We had the good fortune of connecting with Kari Granger and we’ve shared our conversation below.
Hi Kari, Let’s talk about principles and values – what matters to you most?
An important value for me—especially as of late—is acceptance. My whole business is about catalyzing individual and organizational transformation, breaking through limitations, dreaming up new futures and materializing them. And what I’ve learned in the course of my career is that nothing new can be created without accepting what is already so. Lots of folks are struggling with this right now. There’s so much resistance to what’s so: The virus. The state of the economy. The ways in which society is changing at breakneck speed. So much is uncertain. The irony is that resisting that uncertainty only compounds the uncertainty. The quicksand metaphor is apt here: the more we struggle to extricate ourselves, the more stuck we get. When we accept the uncertainty and move into a state of peace, a state of wonder—that is when we find the capacity to design new futures.
Can you give our readers an introduction to your business? Maybe you can share a bit about what you do and what sets you apart from others?
I could tell you about our unique methodologies, or our diverse talent, or the way we leverage technology to create enterprise-wide leadership development solutions… But none of that is at the heart of it all. I think what sets Granger Network apart—and part of why I started this business in the first place—is the idea of partnership. We committed from the very beginning never to see ourselves as vendors, but rather, as partners. We’re so invested in the outcomes of our clients, it’s a little crazy! Their bottom line is our bottom line. Their mission is our mission. Their culture is our culture. And because of that way of looking, I think we do things differently. We go the extra mile in our delivery. We say the thing that needs to be said in the moment—even when it’s awkward or uncomfortable. We walk away from a potential contract—even if it would be lucrative for us—if it’s not the exact right thing for them. All of that stems from partnership. And it’s what makes this work incredibly meaningful, every single day.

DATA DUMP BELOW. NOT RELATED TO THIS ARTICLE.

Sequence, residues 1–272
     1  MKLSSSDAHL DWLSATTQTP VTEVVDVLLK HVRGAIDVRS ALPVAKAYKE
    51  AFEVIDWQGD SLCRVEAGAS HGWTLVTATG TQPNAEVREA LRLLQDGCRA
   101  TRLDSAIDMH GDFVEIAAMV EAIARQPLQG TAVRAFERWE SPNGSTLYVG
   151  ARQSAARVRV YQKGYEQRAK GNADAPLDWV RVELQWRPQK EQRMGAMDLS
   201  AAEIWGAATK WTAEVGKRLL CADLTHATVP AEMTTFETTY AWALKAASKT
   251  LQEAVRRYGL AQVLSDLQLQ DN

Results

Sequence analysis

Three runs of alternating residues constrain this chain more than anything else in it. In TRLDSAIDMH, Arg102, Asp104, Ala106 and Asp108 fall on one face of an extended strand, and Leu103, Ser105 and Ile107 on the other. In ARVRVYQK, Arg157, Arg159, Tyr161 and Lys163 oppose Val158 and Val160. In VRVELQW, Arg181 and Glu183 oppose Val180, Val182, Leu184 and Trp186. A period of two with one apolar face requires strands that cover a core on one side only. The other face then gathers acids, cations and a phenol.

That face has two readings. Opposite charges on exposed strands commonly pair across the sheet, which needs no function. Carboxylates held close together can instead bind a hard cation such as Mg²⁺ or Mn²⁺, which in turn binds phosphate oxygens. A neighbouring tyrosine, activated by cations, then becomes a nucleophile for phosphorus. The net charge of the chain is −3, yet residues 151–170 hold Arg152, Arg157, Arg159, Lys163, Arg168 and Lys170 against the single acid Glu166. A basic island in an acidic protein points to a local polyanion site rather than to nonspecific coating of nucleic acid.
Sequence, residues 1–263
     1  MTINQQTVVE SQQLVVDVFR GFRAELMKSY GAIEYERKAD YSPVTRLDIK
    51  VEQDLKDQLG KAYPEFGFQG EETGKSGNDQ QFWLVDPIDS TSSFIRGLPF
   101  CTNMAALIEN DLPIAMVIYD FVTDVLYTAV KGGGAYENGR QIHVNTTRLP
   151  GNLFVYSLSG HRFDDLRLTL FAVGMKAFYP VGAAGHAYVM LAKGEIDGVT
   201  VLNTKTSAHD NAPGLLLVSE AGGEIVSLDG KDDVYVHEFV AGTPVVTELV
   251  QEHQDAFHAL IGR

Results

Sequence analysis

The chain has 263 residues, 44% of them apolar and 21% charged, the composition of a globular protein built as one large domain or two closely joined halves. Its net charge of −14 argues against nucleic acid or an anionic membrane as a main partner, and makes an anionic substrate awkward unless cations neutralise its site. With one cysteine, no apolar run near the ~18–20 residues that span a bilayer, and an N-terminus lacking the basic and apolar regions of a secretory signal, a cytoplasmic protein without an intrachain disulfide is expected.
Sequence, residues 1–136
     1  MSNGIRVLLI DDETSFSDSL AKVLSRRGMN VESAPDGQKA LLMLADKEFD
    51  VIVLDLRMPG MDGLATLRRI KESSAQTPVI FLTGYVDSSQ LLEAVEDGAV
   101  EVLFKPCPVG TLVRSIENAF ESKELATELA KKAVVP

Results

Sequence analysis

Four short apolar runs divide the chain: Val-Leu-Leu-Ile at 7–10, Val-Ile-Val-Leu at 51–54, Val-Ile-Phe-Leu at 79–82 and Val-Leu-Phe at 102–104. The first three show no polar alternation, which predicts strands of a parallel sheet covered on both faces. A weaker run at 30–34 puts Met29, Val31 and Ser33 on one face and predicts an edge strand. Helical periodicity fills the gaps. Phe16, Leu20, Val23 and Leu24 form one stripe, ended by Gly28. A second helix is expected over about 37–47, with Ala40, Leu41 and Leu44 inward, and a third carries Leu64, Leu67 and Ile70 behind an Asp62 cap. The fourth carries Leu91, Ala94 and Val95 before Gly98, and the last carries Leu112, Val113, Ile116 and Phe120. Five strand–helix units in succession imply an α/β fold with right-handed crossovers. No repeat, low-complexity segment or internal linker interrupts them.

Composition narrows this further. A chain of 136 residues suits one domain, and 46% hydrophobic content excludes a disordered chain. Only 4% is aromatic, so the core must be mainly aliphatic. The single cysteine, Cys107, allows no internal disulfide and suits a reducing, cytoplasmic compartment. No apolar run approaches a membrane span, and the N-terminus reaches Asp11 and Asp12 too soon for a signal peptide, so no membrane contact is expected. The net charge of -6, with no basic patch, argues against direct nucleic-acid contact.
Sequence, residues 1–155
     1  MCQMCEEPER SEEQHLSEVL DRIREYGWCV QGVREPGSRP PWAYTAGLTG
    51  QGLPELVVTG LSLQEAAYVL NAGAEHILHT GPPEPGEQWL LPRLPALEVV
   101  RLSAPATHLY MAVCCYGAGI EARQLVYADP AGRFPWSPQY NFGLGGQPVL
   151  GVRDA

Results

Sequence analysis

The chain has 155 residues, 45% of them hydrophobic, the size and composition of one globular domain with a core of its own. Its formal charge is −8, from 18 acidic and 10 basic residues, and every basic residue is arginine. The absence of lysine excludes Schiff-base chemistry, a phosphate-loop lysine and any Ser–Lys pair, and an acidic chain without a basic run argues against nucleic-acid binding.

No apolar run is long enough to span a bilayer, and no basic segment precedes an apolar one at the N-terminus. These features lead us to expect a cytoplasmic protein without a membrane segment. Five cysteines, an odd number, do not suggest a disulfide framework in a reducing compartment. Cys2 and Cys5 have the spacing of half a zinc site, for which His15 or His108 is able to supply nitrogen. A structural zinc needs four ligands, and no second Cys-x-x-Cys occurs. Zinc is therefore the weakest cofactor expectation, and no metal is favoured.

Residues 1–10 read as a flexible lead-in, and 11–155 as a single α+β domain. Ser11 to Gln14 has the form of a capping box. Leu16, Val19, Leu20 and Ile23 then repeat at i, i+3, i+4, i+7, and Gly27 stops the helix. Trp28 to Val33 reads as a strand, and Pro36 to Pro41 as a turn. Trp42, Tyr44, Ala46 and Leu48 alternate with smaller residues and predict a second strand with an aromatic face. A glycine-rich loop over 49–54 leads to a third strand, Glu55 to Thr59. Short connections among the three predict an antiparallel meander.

Any places to eat or things to do that you can share with our readers? If they have a friend visiting town, what are some spots they could take them to?
Oh, it’s such a great area! For food (because of course we have to start with food), I would recommend Linger in Denver. I love how they provide little tastes from around the world in the form of distinctive tapas. When The Granger Network celebrates some milestone, we’ll sometimes go there together. Now, for a bit of culture, I always recommend checking out the Denver Center for the Performing Arts—there are some world-class productions that they put on there, so see what’s coming up on the program. Finally, if you make it out to the Evergreen area where I live, there are some wonderful hiking trails up in the foothills and some breathtaking scenery. Skating on Evergreen Lake is a family favorite.
The Shoutout series is all about recognizing that our success and where we are in life is at least somewhat thanks to the efforts, support, mentorship, love and encouragement of others. So is there someone that you want to dedicate your shoutout to?
I’d like to shout out Coaches Rising. They’re an amazing organization that supports professional coaches in a variety of ways. They provide certified trainings, publish articles and podcasts, and keep me informed on the latest tools and practices in my industry. But what I appreciate most about Coaches Rising is that they serve as a constant reminder about the importance of continuous learning. You know, I’ve been doing this work for a while now. Sometimes you slip into thinking, “I’ve learned what there is to learn. I know what I’m doing here. I’ve got this thing figured out.” And while it’s certainly possible to achieve a level of mastery in one’s craft, organizations like Coaches rising remind you that there is never and end-point when it comes to mastery. There’s always a deeper level of mastery to be achieved. In that way, they’ve been invaluable in staving off complacency.